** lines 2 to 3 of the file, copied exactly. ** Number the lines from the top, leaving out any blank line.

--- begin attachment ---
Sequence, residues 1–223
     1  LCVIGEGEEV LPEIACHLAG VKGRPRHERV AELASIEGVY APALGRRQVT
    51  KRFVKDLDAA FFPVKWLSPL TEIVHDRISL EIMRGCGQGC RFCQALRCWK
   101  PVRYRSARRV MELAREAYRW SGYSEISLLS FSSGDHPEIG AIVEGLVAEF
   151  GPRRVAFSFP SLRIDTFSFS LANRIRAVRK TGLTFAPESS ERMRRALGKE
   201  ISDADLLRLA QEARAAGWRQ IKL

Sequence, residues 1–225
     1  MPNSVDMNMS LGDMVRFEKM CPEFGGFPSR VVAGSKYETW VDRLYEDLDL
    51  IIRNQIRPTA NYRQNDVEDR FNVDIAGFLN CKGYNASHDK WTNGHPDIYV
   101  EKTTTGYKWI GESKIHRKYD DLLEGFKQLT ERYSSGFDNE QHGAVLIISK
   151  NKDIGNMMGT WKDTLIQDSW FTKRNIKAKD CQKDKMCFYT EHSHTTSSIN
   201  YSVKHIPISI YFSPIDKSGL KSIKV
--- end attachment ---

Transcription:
     1  LCVIGEGEEV LPEIACHLAG VKGRPRHERV AELASIEGVY APALGRRQVT
    51  KRFVKDLDAA FFPVKWLSPL TEIVHDRISL EIMRGCGQGC RFCQALRCWK